As tensions remain high among residents, some of whom are starting their seventh day without power, Connecticut Light & Power announced it will donate $1 million to the Connecticut chapter of the American Red Cross.
“We want to work with our customers to help them with their full restoration following this event,” Chief Operating Officer Jeff Butler said in a press conference Saturday morning. “Through Northeast Utilities Foundation, we are making available to all of Connecticut one million to assist people in getting their lives back to normal.”
The money will go to the American Red Cross to aid people affected by Tropical Storm Irene, Butler said. The company also will waive late-payment fees and work with customers whose homes were devastated by the storm on “flexible payment options,” he said.
About 94 percent of CL&P's customers have power restored to their homes, with 81,600 left in the dark as of Saturday morning, according to the company. Utility crews working across the state Saturday number 1,734, which is six times the normal work force, Butler said.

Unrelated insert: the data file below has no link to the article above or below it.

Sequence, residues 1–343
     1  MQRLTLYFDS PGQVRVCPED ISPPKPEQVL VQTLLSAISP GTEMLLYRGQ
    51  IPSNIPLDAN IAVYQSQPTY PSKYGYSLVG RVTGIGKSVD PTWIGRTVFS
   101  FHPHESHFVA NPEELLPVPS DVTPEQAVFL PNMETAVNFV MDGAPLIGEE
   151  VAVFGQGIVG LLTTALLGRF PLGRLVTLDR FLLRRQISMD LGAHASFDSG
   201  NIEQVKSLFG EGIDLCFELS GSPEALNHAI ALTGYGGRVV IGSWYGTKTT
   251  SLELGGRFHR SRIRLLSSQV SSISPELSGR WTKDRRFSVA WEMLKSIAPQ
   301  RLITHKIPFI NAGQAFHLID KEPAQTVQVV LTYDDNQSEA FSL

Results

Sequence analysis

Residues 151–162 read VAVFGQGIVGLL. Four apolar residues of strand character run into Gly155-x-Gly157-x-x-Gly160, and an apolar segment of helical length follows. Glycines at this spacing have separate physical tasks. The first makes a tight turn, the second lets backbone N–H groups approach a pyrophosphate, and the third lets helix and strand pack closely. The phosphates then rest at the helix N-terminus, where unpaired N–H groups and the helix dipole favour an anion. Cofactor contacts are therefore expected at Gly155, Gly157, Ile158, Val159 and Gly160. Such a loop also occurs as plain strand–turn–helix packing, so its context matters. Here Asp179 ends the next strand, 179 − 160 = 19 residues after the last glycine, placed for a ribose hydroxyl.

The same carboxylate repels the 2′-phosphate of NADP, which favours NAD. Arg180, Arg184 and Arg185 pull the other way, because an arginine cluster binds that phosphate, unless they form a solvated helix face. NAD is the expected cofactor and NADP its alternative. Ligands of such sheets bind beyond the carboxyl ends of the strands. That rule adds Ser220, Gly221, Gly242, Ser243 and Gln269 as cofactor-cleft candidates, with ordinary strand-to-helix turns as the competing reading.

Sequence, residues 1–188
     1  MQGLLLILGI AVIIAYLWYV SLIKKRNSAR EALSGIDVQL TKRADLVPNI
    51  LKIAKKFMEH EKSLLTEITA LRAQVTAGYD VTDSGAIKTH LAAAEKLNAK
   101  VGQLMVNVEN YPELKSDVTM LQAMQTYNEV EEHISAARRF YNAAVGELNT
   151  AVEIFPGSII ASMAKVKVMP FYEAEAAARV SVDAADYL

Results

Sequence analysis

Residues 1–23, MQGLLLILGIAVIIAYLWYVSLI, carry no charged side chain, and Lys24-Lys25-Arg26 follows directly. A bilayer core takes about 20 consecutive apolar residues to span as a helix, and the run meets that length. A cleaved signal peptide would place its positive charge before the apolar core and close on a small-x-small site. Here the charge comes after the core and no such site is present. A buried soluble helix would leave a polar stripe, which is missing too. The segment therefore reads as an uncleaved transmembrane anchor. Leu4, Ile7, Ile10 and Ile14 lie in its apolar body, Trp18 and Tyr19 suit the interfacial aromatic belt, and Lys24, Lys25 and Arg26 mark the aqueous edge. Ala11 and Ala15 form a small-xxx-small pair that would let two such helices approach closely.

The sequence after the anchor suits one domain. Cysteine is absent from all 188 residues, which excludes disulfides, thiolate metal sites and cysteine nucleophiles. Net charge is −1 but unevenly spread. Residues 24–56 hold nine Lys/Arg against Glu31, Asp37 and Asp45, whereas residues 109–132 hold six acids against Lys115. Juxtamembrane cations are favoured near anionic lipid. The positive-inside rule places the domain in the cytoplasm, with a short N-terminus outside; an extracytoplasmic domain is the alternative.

“We’re working 24 hours a day until all customers are restored,” he said.
Addressing criticism by some residents who say they do not see the utility activity in their town, Butler said two shifts of crews work roughly 16-hour shifts with 75 percent starting their day at 7 a.m. and then 25 percent of the crews coming in at 3 p.m.
Some of the repairs are taking longer than the company had anticipated and stretch across multiple days because they are extensive, he said.
Even with the number of outages reduced to about 6 percent of customers in the state, the effort is still more widespread and in some cases requires a rebuild of some systems, Butler said.
“You cannot compare it to a storm that came in fresh,” he said.
The restoration projections remain unchanged, with 99 percent of customers expected to have electricity by end of the long weekend and the rest completely restored by Wednesday, Butler said.